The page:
This november Nouveau tasting at Caves Augé in Paris was like the vintage 2009 : exceptionnal, with a perfect weather, unusually mild for this time of the year (november has been thoroughly mild until now, a welcome change when I think to the previous years where we had bursts of very cold temperatures at this season). It was cool but not cold, sunny enough to make the public cheer if the wines weren't already good enough for that. When I'm around, I rarely miss a tasting at Augé. This old wine shop (created in 1850) organizes some of the most entertaining wine tastings in town : small enough to let you taste all the wines and spend time with the winemakers and also it's a lot of fun because the artisan vignerons who come here are more real people who like to share a glass with visitors than efficient salesmen (or women) with a ready-made marketing discourse. This is Caves Augé, so of course all these vintners make their wines without lab yeasts or industrial additives, sometimes these wines don't have even been in contact with sulphur.
This tasting of Nouveau wines was also an artisanal bottling and corking line exercise : the vignerons had brought a full cask each and when they weren't pouring generously for the visitors, they filled bottles and corked them manually (several of them actually bottle their wines this way at their winery, I'm thinking to Philippe Pacalet for example who wasn't there today but who participates sometimes). The passerbys and Caves Augé's regulars could fill their glasses (clean glasses were at the disposal and easy reach on a cask on the sidewalk) at will. These 5 casks lined along the shop on the sidewalk with people working around gave people a bit of a feel of being in the chai and watching these vignerons doing these simple and ancient tasks help understands that these wines are indeed real wines, and not lab-tech designed.
The guy bottling the wine with a red label [pic on left] is Jean-François Nick (Les Foulards Rouges).
As soon as I arrived, I recognized our friend 堀 晶代 (Akiyo Hori), a Japanese wine writer who shares her time between Japan and France. She is the author of a book on Burgundy wines and she is also the author of La Mer du Vin, a website with lots of info about Burgundy vintners and estates. This tasting was a very Japanese one, by the way, as you will see later.
Eric Pfifferling's Nouveau (picture on top] was particularly pleasant, with aromas of acidulous candy, but also of rose with a bit of pepper as someone remarked. A bit perly in the mouth, this wine is unctuous and has a nice substance, that was goood.... The blend here is actually Grenache, Carignan and Clairette. The wine is in casks for a month (he made 22 hectoliters of this wine) and it will stay in there until march. It will be unfiltered at bottling and will not receive any additionnal SO2 (the only SO2 that went into this wine was a 1,5 gram dosage for the first racking). The bottle price for individual customers will be something between 10 and 12 Euro. Eric Pfifferling's L'anglore is a southern Rhone estate located in Tavel.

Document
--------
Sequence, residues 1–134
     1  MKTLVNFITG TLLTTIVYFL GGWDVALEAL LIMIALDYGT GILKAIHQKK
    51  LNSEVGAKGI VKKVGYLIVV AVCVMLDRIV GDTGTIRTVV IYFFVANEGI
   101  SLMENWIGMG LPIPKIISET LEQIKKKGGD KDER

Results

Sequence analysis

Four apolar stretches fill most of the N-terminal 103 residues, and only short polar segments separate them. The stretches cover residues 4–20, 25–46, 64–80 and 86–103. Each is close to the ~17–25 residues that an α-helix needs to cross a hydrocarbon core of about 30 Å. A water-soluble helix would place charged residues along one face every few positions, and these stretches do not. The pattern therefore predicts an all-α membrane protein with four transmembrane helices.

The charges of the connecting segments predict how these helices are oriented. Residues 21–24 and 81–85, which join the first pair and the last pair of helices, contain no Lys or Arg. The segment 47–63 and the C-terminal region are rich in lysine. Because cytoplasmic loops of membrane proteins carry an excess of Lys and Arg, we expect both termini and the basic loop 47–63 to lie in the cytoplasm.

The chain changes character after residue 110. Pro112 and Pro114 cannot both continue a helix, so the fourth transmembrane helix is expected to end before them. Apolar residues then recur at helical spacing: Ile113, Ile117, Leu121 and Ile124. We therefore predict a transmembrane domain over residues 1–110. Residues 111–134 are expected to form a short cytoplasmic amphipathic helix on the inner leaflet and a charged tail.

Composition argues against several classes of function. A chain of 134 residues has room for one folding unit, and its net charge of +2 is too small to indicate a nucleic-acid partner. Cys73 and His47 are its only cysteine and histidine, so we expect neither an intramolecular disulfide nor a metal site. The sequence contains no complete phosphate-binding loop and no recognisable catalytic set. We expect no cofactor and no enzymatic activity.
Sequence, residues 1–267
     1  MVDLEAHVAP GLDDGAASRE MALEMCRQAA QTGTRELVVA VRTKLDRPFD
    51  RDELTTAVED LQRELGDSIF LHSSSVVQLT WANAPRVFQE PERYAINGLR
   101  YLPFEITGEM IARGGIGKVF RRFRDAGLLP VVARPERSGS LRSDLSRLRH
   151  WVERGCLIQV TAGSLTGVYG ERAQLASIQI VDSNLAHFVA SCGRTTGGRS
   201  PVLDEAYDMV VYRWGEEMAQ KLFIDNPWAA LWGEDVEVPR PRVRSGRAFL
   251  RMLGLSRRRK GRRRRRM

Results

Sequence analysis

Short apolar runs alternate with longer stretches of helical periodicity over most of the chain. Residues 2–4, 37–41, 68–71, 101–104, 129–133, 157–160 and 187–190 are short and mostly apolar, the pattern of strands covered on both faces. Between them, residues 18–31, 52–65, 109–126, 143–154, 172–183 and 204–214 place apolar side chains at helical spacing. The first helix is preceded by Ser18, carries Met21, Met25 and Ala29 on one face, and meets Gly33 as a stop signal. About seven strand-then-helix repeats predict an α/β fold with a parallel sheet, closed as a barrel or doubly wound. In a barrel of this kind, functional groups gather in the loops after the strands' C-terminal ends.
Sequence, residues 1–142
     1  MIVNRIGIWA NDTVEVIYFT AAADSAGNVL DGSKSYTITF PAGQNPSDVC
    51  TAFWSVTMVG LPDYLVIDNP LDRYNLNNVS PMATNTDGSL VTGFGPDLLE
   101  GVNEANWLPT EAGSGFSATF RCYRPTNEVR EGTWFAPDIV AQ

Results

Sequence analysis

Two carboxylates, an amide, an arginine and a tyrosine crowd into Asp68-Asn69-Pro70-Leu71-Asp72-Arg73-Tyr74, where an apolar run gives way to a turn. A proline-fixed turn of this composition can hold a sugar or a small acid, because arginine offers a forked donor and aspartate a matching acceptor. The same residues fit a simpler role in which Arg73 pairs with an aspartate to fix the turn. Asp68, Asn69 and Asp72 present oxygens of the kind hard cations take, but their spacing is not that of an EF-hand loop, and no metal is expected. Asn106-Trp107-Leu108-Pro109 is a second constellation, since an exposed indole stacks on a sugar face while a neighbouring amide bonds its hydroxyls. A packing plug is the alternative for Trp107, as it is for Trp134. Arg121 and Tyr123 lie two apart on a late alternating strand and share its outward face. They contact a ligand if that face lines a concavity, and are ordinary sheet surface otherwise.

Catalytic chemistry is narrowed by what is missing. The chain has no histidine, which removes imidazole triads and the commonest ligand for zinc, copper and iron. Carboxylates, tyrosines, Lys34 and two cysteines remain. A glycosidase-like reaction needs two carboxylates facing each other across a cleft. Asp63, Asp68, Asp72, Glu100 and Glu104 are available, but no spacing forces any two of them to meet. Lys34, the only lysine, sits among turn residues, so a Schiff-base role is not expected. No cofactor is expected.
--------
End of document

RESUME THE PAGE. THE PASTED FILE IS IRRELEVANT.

The guests were not from Beaujolais alone, the theme chosen by Caves Augé's Marc Sibard [on the left on this pic on left] was Nouveau, not Beaujolais Nouveau, but when I read the list on Caves Augé's newsletter, I thought I'd better not miss that :
__ Eric Pfifferling (Mas de l'Anglore) Grenache 10,30 Euro
__Fred Cossard (Domaine de Chassorney) 15,40 Euro
__ Jean-François Nick (les Foulards Rouges) Syrah 10,30 Euro
__ Jean Foillard Bojo Nouveau 9,25 Euro
__ Thierry Puzelat (Clos de tue Boeuf) Sauvignon 10,30 Euro
The prices weren't displayed in the newsletter but were clearly marked in white on the shopwindow so that the tasters could figure out (stating also that a 5% rebate was offered for a 6-bottle case). That's also an answer to the economic crisis : display the rates, especially when they are this reasonnable.
Speaking of Fred Cossard's Pinot Noir that I tasted in the second, the wine has still the austerity of a newborn wine, not really pleasant to drink at this stage, but let the right time pass and this wine will show so much. The wine, which is still turbid, will stay in casks for a year. The fruit is very forward and notwithstanding the arduous mouth today, this wine will turn to be a top-pleasure wine in a few months from now.
Thierry Puzelat tells me that Pierre-Olivier Bonhomme who is a long-time worker at Puzelat is in the process of taking up the management of the Negoce part of the estate, the reason being that Thierry's brother Jean-Marie will retire in the next years and that Thierry needs to scale down his own part. Pierre-Olivier is bright and fits with their work philosophy, which makes him the ideal manager.
Jean-François Nick's Les Foulards Rouge was a blend of 80% Syrah and 20% Grenache.Soon to be bottled. The nose has notes of cherries and red fruits. Strawberry too. Nice wine.
Here this particular Caves-Augé bottle catches the attention of the young sommelière because the fine print on the label reads in French "bottled by DRC at F-21700" which for knowledgeable connoisseurs like her means that the wine isn't an ordinary Bourgogne Hautes-Côtes-de- Nuits but comes actually from the Domaine de la Romanée Conti. As she says thoughtfully [image on left], "it is not labelled under the DRC label, so, few people know"... Caves Augé has indeed some interesting cuvées or selections under its own name, think for example to this very nice Sibardise which was made by Fred Cossard in Burgundy (It was a cask selected by Marc Sibard at Domaine de Chassorney and bottled separately).
Foillard's Bojo Nouveau as it is named is of course a Gamay, bright red colored with aromas of small red fruits, Elisabeth adds that she feels strawberries and a hint of banana (this girl has a palate, I tell you...).